An owner must consider why he or she is buying or selling a company. From the buyer's perspective, the acquisition may be an opportunity to expand into new markets, acquire products that fit with the buyer's strategic plans, improve operating margins or acquire talented people, including possible successors to lead the company in the future. The buyer needs to understand the seller's intentions. Is there no clear successor plan? Is the competition for its products or services too difficult? Is the seller getting out of a bad business?
From the seller's perspective, an acquisition or merger may be an opportunity to continue the legacy of the business, to provide a better opportunity for key employees, to improve margins or to run certain businesses more efficiently and profitably. Again, the seller must understand why the buyer is interested. Is the buyer interested in expanding market share, expanding its products and services, protecting key employees or just interested in the cash flow? Some details to consider include whether to structure the transaction as an asset or stock sale (in a stock sale the buyer generally inherits the existing liabilities); the scope of representations, warranties and indemnities, environmental issues and litigation pending or threatened: agreements for key employees; real estate; non-competition agreements; intellectual property; and confidentiality.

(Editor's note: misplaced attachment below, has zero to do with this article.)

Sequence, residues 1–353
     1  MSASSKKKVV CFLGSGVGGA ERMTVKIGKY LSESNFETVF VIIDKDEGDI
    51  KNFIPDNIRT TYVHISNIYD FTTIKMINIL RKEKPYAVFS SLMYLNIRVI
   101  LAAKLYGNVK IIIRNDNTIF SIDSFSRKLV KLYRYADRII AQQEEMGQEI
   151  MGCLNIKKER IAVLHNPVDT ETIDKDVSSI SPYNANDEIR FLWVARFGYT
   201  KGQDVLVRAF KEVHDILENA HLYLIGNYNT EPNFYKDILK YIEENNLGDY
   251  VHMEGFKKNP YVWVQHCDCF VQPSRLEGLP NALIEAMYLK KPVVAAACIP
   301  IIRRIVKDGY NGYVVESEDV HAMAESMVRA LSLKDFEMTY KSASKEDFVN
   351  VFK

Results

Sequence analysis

Finally, Keep the lawyer out of the room until the key business points are agreed upon. The lawyers may try to win too many legal points and could lose focus on the business reasons for the deal. The last factor to consider is whether the merger or purchase will be successful. Maintaining the culture of the acquired company and its reputation in the industry will go a long way in incentivizing key employees to make the merger successful. Bob Iger of Disney bought Pixar in 2006 and Marvel Entertainment in 2009 and maintained the leadership and culture of each company. Both acquisitions were successful.
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